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State seeks second REAL ID delay

Missourians with travel plans in 2019 won’t have to worry about not having a REAL ID compliant drivers license after this week’s announcement that the Department of Homeland Security has granted the state a second extension to implement the safety feature.

Without the waiver, Missourians would have been unable to board airplanes without a passport or some other federally-approved ID as of Oct. 10. The extension means state residents will be able to use their current forms of identification to fly domestically and enter federal facilities until January.

In a news release announcing the grace period extension, Missouri Department of Revenue Director Joel Walters is expecting the state to be fully compliant with the REAL ID Act by March 2019.

“Missouri’s current extension is valid through Oct. 10, 2018, and we’ve already applied for another extension,” Walters said. “That extension is expected to be approved and would allow Missouri driver licenses and identification cards to continue to be accepted until Missouri reaches full compliance with the REAL ID Act, which we expect to be by March of 2019.”

Congress passed the Real ID Act in 2005, after the 9/11 Commission recommended that the federal government set standards for identification. The Real ID Act does not apply to voting or registering to vote, applying for federal benefits or being licensed by a state to drive.

Under the act, electronic copies of proof-of-identity requirements, such as birth certificates or Social Security cards are kept by the government for a certain amount of time and then deleted from the database. Opponents of the act believed this was an invasion of privacy.

During the 2017 legislative session, the Missouri General Assembly approved legislation to allow residents to obtain a photo ID that is compliant with the federal REAL ID Act. Because the current version of the Missouri driver’s license is not compliant, DHS announced in January 2016 that Missourians would not be able to enter federal facilities and would not be able to fly domestically beginning in 2018.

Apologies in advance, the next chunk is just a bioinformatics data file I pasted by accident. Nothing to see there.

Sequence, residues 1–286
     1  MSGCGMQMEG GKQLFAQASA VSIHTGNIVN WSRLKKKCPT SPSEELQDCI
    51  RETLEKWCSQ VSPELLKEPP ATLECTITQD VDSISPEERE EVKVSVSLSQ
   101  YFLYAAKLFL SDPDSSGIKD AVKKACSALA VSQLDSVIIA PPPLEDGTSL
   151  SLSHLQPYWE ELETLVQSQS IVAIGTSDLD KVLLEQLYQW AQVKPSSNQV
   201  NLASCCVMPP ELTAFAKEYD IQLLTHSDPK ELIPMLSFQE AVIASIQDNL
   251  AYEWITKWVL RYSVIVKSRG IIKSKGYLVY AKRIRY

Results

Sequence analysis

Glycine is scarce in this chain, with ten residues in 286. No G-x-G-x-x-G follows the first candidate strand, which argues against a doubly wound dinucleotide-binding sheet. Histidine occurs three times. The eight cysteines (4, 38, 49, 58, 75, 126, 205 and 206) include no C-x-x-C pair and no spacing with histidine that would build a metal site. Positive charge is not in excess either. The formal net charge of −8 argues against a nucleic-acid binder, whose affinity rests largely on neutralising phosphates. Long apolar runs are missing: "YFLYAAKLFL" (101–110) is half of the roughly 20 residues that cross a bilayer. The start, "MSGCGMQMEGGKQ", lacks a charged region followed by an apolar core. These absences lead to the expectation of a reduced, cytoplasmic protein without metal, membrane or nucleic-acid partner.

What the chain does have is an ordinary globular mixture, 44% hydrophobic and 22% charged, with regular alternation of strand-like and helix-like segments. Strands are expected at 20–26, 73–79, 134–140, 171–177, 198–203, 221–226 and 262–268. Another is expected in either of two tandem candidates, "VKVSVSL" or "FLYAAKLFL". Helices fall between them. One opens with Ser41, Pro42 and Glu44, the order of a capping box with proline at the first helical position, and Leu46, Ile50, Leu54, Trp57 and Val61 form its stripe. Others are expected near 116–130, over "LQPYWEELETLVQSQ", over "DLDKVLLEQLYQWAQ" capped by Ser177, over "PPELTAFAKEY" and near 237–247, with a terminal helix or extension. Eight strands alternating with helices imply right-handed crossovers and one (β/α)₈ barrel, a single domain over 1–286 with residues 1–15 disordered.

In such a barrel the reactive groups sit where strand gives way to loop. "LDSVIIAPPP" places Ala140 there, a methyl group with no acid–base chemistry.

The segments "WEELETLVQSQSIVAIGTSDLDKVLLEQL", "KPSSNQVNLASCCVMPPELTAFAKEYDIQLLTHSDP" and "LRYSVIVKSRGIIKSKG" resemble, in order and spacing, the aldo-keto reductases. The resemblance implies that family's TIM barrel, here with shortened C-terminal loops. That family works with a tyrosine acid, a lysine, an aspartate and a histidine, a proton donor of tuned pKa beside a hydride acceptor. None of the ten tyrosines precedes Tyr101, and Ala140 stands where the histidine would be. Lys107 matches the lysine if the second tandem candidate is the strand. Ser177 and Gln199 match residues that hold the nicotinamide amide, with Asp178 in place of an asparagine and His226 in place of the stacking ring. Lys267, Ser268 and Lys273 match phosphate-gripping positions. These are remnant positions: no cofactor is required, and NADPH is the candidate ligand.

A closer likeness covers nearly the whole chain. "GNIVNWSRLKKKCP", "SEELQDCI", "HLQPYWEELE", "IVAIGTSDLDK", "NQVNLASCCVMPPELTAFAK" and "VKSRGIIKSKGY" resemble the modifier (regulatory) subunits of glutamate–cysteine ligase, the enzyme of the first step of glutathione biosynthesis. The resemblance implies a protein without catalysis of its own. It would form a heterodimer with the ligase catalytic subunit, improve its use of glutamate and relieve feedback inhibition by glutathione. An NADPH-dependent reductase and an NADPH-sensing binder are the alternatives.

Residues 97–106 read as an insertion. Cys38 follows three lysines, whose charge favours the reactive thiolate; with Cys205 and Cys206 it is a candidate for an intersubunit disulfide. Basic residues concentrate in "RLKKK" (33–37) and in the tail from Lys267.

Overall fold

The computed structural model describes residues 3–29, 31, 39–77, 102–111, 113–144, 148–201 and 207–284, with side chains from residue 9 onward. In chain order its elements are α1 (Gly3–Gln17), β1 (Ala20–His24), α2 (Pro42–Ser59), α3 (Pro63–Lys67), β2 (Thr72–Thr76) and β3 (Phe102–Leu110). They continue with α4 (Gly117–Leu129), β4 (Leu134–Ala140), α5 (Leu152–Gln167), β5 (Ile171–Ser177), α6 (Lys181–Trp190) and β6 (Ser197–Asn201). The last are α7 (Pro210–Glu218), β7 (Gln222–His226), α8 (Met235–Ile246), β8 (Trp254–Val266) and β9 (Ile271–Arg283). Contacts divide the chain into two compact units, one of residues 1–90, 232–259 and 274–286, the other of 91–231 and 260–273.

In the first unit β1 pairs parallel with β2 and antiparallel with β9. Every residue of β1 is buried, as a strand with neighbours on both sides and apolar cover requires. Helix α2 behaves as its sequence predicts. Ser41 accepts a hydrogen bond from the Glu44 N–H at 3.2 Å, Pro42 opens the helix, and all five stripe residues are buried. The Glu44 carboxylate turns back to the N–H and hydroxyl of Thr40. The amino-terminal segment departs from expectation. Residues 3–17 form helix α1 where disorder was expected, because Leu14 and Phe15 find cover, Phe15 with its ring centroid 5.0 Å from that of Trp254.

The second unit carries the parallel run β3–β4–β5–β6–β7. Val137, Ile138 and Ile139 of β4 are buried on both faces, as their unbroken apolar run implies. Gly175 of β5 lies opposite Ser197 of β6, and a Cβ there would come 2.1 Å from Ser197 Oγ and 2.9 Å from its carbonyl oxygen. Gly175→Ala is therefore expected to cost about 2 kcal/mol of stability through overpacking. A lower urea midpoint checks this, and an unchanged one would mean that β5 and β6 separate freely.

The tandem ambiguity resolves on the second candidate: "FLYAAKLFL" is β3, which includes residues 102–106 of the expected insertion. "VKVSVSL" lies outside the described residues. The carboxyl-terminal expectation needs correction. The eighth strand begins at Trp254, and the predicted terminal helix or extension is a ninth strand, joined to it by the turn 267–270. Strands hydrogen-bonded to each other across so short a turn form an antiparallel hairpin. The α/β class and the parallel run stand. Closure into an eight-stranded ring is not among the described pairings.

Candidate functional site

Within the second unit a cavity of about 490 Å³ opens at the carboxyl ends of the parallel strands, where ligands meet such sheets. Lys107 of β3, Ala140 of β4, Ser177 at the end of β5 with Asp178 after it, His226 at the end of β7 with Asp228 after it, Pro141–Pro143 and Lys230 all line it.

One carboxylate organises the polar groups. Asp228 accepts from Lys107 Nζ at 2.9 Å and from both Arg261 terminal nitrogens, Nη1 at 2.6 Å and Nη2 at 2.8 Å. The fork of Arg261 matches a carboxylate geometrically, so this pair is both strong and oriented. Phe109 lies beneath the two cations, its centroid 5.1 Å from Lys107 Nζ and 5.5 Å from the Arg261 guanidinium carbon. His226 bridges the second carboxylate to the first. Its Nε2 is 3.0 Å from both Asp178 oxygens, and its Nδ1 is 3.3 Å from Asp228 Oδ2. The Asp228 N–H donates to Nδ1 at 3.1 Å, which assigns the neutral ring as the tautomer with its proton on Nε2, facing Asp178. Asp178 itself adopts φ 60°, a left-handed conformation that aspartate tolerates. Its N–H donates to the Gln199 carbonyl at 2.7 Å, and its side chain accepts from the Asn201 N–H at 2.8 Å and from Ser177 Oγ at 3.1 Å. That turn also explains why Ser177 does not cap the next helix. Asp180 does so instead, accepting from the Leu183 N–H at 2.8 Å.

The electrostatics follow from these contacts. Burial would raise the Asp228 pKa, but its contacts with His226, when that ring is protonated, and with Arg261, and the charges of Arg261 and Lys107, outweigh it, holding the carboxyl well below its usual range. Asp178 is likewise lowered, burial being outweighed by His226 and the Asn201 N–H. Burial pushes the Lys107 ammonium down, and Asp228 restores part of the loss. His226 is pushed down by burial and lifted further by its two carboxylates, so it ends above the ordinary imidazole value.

Then-Gov. Eric Greitens signed a bill in June 2017 allowing those with concerns regarding Real ID to obtain a license non-compliant with federal regulations, while offering others the federally mandated IDs.

According to a statement released by the Missouri Legislature last year, the state said it would “continue to work toward the implementation of the new REAL ID-compliant licenses and is on track to have them in place by March 2019. The Missouri Department of Revenue has been making an effort to reach certification with the Department of Homeland Security.

“Several internal and external processes need to be changed or upgraded to obtain certification, and that process is expected to take at least 18 months. The state will have to apply for a second waiver next year in order to cover the gap between October when the current waiver expires, and also in March, when the new IDs will be in circulation.”

According to state Rep. Mike Henderson, R-Bonne Terre, Missouri residents should treat renewals and new license requests the same as they have in the past.

“Once Missouri has received certification from the Department of Homeland Security that compliant identification can be issued, the Department of Revenue will take steps to notify the public that it is time to request a compliant driver license or non-driver identification card if they choose to do so,” Henderson said. “With the state receiving this second extension, we are on track to be compliant with the federal government and Missourians shouldn’t have any problems traveling next year or in the future.”

While noting that some people don’t like the idea of a REAL ID, Henderson believes having extra security while flying on an aircraft is worth the hassle.

“I think it’s great that the state and federal government worked together the way it should be to not inconvenience the people and make it tough on them,” he said. “In the same breath, I think REAL ID is important. I think 9/11 shows us why we have REAL ID.

“People might say, ‘Why do we need REAL ID?’ but the idea is that after 9/11 we should have learned some lessons that they’re doing this to protect us. It changed the way we live whether we like it or not. I think we do need to take these precautions. I want to take them for me, I want to take them for my kids, I want to take them for my grandkids.”

According to DHS, every passenger will need to present a Real-ID compliant license or another form of identification to travel domestically starting in October 2020. As of this month, 28 states are compliant with the act.

The Fresh Start Act of 2019 is aiming to help Missouri individuals, who may have a criminal record, get their lives back on track. The bill passed the House last week and has been sent to the Senate.  

The Fresh Start Act of 2019 is aiming to help Missouri individuals, who may have a criminal record, get their lives back on track. The bill passed the House last week and has been sent to the Senate.  

Kevin Jenkins is a reporter for the Daily Journal and can be reached at 573-518-3614 or

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